How one seven-year-old's warm heart is helping researchers find 'the best cancer medicine ever'

The Majura Primary School student also made a poster asking people to help her fight against ''cansa''.
The Majura Primary School student also made a poster asking people to help her fight against ''cansa''. Photo: supplied

When Tara Doyle was old enough to understand cancer and its evil tendency to take people's lives, the seven-year-old took to her street to busk with a blue ukulele.

"I wanted people with cancer to have the best cancer cure medicine ever so that if they are dying they live a bit longer," she said.

The Majura Primary School student was over the moon when she raised $28 off passersby, which her mother Rebecca donated to the Cancer Council ACT.

After Tara's grandmother died, she started an everydayhero online fundraising page that received more than $3000 of ...
After Tara's grandmother died, she started an everydayhero online fundraising page that received more than $3000 of donations in three weeks. Photo: Supplied

But soon after the kind gesture that Tara hoped would help strangers, she discovered her own beloved grandma, her "Juju," had been diagnosed with pancreatic cancer. Sadly, Judith lost the battle to the disease in June.

The devastated but determined young girl stepped up her fundraising efforts and with the help of Ms Doyle began an online fundraising page.

They smashed their goal of $700 in less than 24 hours and in three weeks garnered more than $3000.

Tara began playing her ukulele outside her house even before her grandma was sick to help strangers beat cancer.
Tara began playing her ukulele outside her house even before her grandma was sick to help strangers beat cancer. Photo: supplied

"My Juju had cancer and she died. I love her and I miss her and I loved to read stories with her," Tara said.

"If anyone else has cancer out there I hope they get better."

Ms Doyle said Tara took the time to type "thank you" to every person who donated to their everydayhero page, whether friend or stranger.

Tara Doyle, aged 7, is raising money for Cancer Council ACT.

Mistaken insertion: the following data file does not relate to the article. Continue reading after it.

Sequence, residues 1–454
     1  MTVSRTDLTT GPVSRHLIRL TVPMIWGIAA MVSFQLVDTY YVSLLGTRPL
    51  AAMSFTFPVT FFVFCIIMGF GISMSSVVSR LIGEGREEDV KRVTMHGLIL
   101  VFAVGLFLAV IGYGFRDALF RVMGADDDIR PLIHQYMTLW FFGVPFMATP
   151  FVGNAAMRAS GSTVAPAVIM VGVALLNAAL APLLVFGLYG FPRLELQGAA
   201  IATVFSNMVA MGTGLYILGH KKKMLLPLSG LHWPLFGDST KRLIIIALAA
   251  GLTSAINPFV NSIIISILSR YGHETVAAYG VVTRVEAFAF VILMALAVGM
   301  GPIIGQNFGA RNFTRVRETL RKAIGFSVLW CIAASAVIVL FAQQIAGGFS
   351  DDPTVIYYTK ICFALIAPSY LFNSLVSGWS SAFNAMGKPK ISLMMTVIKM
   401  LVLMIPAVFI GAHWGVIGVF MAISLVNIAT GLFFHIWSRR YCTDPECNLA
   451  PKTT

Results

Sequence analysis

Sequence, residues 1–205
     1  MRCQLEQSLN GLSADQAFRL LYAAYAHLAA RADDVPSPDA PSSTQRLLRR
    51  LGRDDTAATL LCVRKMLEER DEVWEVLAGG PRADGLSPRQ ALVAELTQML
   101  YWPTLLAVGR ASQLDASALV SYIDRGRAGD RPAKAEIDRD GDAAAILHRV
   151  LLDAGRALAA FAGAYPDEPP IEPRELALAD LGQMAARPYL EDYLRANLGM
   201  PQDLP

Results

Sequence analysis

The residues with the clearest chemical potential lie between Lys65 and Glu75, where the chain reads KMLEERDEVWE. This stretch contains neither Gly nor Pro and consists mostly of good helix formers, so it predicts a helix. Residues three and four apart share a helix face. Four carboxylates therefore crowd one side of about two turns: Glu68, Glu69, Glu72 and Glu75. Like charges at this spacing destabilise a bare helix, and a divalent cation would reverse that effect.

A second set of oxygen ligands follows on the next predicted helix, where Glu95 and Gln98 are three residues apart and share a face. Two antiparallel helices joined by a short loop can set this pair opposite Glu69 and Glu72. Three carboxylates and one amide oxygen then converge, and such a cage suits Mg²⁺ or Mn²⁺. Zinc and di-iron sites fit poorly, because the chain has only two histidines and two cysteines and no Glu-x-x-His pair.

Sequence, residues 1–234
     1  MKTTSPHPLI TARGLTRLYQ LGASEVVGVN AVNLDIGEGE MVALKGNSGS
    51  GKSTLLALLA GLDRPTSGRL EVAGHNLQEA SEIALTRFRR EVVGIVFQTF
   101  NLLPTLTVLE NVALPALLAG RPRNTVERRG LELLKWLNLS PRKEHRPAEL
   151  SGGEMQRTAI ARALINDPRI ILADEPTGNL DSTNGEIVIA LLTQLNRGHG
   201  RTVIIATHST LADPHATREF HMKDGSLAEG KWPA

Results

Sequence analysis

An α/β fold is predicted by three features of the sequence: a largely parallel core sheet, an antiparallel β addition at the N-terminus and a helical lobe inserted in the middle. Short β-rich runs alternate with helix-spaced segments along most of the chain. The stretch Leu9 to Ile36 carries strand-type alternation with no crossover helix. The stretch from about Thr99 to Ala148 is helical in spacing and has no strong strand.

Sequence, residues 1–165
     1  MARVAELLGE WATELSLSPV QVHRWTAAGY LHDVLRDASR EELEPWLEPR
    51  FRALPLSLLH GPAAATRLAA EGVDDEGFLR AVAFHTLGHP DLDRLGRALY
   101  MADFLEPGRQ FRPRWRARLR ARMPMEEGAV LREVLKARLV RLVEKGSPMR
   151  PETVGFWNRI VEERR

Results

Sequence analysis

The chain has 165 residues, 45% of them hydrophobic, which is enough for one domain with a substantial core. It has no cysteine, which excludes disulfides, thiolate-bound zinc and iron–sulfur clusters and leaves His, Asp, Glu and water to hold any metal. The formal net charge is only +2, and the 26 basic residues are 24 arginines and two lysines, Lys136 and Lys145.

Tara Doyle, aged 7, is raising money for Cancer Council ACT. Photo: supplied

And because every cent counts, she can still be seen playing her ukulele outside her house with a hand-made sign that reads "Thank you, your money is going to fihte cansa! [sic]".

While Ms Doyle is extremely proud of her daughter, it seems her friends are too. Tara's fundraising effort was the subject of her classmate's speech about role models.

"It has been a very tough few months. Tara and mum had a very tight bond. But I'm amazed at what she's done," Ms Doyle said.

At left, Tara is pictured with her late grandma Judith, who died of pancreatic cancer.
At left, Tara is pictured with her late grandma Judith, who died of pancreatic cancer.  Photo: Supplied

"This has also been nice for me and my grief. Her seeing the bigger picture and wanting to help others kind of opens your eyes about your own trauma that you go through and puts a shining light on something so awful."

The two were overwhelmed with the community's support and were considering bumping up their fundraising target.

"We started with $700 because [seven] is Tara's age and raised it to $3000 and nine cents because her favourite number is nine, so we'll have to have a think about what we do next," Ms Doyle said.

For the month of November, the mother and daughter committed to wearing purple every day to raise awareness for Pancreatic Cancer Awareness Month.

Tara's everydayhero page is at give.everydayhero.com/au/tara-s-fight-against-cansa. Ms Doyle said all proceeds would go to the Cancer Council ACT.